Use of a Psychosocial Screen to Detect Children With Symptoms of Posttraumatic Stress Disorder: An Exploratory Study

Deborah P. Steinbaum, Claude Chemtob, Joseph A. Boscarino, Danielle Laraque

Research output: Contribution to journalArticlepeer-review

6 Scopus citations

Abstract

Objective: The aim of this study was to evaluate the sensitivity and specificity of the parent and youth versions of the 17-item Pediatric Symptom Checklist (PSC-17) for identifying children with symptoms of posttraumatic stress disorder (PTSD). Methods: Cross-sectional convenience samples of children aged 8 to 10 years treated at a primary care pediatrics practice in New York City were recruited. The PSC-17 and its 5-item internalizing subscale were used in both parent- and youth-completed formats. Posttraumatic stress disorder symptoms were identified with the University of California, Los Angeles posttraumatic stress reaction index (UCLA RI), used as a structured interview with the child. Results: One hundred fifty-six children enrolled in the study. Twenty-two percent of children met the UCLA RI cutoff for likely PTSD. The youth version of the PSC-17 and its 5-item internalizing subscale identified these children with sensitivities of 78% and 75% and specificities of 77% and 77%, respectively, relative to the UCLA RI. The parent version of the PSC-17 and the internalizing subscale had poorer sensitivities of 44% and 25% and similar specificities of 79% and 92%, respectively. Conclusions: Symptoms of PTSD can be identified using the youth self-report version of the PSC-17. A 5-item subscale of the PSC-17 also performed well and can readily be used in primary care settings.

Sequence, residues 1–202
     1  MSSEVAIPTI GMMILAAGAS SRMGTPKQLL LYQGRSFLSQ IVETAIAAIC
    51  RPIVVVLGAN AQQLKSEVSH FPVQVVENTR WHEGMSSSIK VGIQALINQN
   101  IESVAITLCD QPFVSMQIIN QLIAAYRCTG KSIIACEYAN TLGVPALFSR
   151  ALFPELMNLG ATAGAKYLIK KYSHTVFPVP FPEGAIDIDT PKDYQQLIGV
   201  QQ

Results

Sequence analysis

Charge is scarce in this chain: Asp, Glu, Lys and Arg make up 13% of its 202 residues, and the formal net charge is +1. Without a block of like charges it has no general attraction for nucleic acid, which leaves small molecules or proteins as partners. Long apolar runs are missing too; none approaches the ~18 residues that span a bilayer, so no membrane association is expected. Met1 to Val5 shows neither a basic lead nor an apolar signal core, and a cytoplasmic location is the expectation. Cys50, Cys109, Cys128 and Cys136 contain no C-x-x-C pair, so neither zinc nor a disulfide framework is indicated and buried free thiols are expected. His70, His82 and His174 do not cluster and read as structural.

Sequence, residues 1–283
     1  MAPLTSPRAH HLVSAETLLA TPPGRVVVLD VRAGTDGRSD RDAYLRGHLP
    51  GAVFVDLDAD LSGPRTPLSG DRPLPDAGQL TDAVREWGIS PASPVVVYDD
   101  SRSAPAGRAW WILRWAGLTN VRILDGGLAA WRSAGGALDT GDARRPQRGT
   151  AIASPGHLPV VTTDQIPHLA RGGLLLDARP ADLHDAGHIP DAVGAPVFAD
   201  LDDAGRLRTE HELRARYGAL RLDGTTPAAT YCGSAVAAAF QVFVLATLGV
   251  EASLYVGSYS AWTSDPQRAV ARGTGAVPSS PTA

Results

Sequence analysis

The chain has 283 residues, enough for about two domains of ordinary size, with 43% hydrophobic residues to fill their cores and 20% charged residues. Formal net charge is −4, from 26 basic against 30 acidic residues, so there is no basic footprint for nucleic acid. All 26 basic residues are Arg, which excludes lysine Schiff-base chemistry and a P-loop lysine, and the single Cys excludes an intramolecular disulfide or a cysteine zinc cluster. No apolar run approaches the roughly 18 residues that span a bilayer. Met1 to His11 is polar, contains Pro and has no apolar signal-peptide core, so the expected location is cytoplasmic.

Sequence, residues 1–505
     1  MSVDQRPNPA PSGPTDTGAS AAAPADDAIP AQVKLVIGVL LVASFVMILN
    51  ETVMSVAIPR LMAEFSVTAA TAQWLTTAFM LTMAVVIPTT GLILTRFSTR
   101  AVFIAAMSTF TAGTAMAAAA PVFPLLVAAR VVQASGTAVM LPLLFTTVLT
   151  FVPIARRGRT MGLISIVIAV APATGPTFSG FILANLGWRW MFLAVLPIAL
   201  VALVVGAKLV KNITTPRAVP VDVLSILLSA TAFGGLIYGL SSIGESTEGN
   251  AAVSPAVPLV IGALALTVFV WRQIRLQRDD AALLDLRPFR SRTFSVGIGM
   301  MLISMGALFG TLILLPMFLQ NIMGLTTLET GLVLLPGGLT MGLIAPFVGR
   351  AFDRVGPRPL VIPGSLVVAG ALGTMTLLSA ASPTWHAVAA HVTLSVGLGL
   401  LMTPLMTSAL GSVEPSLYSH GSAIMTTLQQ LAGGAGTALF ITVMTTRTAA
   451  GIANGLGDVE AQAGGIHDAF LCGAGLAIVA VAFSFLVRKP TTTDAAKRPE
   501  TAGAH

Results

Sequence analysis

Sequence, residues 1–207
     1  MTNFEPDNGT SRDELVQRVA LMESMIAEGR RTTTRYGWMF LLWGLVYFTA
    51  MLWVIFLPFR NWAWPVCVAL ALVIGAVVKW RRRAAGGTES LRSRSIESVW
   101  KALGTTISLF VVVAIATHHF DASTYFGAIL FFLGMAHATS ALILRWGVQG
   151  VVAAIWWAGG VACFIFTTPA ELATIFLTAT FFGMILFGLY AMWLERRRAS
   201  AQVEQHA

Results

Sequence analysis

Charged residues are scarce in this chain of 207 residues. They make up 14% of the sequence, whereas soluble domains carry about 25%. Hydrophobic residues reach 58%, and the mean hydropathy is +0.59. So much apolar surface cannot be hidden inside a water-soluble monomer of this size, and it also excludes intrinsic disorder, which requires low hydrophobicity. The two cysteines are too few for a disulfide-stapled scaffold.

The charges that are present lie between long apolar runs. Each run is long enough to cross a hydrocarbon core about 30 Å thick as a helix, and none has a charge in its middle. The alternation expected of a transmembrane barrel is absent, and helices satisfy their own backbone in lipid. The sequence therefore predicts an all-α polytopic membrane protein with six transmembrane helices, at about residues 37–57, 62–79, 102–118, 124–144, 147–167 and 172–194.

Original languageEnglish
Pages (from-to)32-35
Number of pages4
JournalAmbulatory Pediatrics
Volume8
Issue number1
DOIs
StatePublished - Jan 2008

Keywords

  • Pediatric Symptom Checklist
  • mental health
  • primary care

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